Mumford and Sons, or 'Macbeth'?

A couple weeks ago, as I was completing my assigned reading from Macbeth, I came across a line that I had seen before. In fact, I had not only seen it before, but I’ve actually belted the line at the top of my lungs whilst standing in the second row at a music festival. “Why on Earth would you be singing a line from Shakespeare, Jenna?” you might ask. Actually, the line, “Stars hide your fires;/ Let not light see my black and deep desires”, is used almost word for word in the Mumford and Sons song “Roll Away Your Stone”. As a huge Mumford and Sons fan, I was undoubtedly excited to find yet another literary reference in their music.

 

Source: http://38.media.tumblr.com/b1f6d0d98158dea54e5e9e3174ce5954/tumblr_nfaqezZgS81s5gegqo1_500.gif

 

The band has actually written quite a few songs based on books that they’ve read with some references. The song “Babel”, for example, being more obvious than others. Other literature that they have taken inspiration from includes additional works of Shakespeare, various stories from the Bible, and multiple Steinbeck novels. In interviews, the band has often emphasized how important reading is to them, and the lead singer, Marcus Mumford, actually had a book club on their blog for a couple of years. Although the posts were infrequent, Mumford used them as a way to keep himself motivated to read and as a way to interact with his fans through literature.

Source: http://33.media.tumblr.com/2539d49a2bee86e26fbe5f6e9abfb35a/tumblr_nuj6bl6SGn1se0ryso2_400.gif

 

Personally, I love that the band has chosen to write their songs using the books that have impacted their lives, and as a follower, I’ve really enjoyed finding snippets of their songs embedded in the texts I read. This past May I even sought out a book that lead them to write one of my favorite songs. The song, “Timshel”, is based on the novel East of Eden by John Steinbeck, which rethinks the Cain and Abel story from Genesis. The word Timshel is a Hebrew word that means “thou mayest”, and the discovery of its true meaning in the context of the biblical story is an important symbol in the novel’s narrative. The book seemed to move Mumford and Sons enough to use it in their lyrics, and after reading it, I can see why. I fell in love with the story, and it ended up prompting me to incorporate the word timshel into my tattoo. Mumford and Sons has been able to touch a lot of people with their personal, spirited songs, and I think that this is due in part to their literary background. Reading allows one to understand the human experience better and to better empathize what resonates with people, and I’m sure that’s something that we, as Kenyon students, can attest to.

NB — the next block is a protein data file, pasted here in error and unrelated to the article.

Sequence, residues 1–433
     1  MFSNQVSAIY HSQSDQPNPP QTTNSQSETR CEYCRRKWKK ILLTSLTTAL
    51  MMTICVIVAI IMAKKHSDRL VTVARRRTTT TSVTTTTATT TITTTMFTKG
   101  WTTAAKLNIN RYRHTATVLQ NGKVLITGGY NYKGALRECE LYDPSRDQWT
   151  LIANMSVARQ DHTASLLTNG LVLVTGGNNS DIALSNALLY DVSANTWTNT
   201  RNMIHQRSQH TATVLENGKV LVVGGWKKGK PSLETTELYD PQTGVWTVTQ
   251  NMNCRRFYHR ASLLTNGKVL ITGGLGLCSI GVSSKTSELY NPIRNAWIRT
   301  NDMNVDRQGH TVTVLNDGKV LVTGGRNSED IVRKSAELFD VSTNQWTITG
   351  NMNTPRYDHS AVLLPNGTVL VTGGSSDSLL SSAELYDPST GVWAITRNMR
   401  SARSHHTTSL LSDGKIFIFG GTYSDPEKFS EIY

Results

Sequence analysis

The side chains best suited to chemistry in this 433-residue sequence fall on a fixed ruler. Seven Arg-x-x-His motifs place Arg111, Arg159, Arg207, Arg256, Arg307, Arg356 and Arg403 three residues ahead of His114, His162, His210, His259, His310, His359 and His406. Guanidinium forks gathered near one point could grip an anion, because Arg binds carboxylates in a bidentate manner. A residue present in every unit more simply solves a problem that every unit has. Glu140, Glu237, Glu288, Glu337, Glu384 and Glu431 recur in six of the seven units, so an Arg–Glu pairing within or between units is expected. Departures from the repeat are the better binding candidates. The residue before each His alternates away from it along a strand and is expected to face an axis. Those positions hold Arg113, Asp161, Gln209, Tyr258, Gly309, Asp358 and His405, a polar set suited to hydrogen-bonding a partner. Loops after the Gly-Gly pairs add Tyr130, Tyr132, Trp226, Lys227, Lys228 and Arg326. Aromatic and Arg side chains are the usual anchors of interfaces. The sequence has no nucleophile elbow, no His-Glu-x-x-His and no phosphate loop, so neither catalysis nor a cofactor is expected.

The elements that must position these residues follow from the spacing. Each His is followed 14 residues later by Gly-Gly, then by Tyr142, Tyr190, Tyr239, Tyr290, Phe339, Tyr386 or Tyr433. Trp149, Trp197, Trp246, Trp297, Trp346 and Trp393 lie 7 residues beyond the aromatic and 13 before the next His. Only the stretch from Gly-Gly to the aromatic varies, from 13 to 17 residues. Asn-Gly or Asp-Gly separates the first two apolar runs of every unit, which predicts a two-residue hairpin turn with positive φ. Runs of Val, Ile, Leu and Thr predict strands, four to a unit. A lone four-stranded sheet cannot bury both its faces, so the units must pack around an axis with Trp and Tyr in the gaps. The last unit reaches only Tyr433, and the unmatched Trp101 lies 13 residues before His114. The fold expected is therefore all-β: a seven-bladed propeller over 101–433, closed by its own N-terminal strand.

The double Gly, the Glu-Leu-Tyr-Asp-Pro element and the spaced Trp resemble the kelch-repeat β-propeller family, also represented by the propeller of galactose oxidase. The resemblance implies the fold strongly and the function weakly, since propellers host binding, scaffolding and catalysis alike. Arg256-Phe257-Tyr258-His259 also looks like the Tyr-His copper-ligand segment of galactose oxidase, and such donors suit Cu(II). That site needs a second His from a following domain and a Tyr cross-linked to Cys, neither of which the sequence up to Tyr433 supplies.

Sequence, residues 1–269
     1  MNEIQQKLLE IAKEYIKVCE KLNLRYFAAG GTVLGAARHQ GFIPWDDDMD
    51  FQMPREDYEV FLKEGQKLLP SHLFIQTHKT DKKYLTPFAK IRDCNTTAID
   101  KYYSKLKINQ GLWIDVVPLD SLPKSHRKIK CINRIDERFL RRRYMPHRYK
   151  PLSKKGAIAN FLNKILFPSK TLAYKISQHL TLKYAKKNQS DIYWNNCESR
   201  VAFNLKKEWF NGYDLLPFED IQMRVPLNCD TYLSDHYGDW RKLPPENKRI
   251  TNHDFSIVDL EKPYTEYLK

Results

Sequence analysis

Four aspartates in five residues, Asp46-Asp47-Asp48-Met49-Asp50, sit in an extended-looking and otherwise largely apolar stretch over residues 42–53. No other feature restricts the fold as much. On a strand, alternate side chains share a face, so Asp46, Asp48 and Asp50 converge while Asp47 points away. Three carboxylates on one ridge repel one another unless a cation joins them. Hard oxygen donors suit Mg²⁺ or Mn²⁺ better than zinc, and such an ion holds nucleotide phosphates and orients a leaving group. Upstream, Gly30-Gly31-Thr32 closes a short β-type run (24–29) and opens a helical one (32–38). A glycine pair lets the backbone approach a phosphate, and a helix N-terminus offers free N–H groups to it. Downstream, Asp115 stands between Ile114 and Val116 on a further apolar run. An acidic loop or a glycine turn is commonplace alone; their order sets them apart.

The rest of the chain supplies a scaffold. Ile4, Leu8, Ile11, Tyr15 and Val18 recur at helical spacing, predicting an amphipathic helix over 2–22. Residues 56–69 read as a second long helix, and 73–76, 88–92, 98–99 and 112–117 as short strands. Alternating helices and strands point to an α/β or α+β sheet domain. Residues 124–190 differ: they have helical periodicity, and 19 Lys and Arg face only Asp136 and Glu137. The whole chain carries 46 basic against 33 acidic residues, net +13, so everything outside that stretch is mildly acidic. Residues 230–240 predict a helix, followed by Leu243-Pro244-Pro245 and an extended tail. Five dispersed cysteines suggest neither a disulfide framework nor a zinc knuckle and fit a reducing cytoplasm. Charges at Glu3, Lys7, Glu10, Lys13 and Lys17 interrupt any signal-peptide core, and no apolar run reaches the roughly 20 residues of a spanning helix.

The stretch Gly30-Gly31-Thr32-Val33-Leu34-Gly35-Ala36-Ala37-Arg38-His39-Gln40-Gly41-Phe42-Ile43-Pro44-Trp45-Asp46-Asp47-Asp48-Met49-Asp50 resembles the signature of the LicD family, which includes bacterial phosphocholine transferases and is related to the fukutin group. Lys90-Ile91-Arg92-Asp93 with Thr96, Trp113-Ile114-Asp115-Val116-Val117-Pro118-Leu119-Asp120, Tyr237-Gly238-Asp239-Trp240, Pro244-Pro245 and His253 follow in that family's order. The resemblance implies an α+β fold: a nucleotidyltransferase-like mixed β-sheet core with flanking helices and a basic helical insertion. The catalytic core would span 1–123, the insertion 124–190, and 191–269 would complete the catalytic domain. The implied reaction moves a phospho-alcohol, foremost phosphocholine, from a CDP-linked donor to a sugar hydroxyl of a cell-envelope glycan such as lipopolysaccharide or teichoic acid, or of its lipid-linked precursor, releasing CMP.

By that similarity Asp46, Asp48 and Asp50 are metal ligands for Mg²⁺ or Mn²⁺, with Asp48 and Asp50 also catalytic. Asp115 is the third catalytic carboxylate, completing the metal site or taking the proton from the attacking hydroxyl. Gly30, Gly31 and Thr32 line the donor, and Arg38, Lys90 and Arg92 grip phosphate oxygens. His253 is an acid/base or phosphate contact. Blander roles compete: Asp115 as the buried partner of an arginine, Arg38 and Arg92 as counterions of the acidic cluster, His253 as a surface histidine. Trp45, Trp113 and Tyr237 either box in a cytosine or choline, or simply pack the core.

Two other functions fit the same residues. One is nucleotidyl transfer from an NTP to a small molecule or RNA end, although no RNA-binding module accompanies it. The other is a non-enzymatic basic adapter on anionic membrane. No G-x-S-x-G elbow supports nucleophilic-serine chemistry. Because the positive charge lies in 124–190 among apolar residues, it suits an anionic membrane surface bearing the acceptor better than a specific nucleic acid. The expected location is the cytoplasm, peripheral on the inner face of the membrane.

Source: http://38.media.tumblr.com/5e7f129ba0f5ebbdf93d8711c0d7e58b/tumblr_mr2fnzn9ue1squrn5o1_400.gif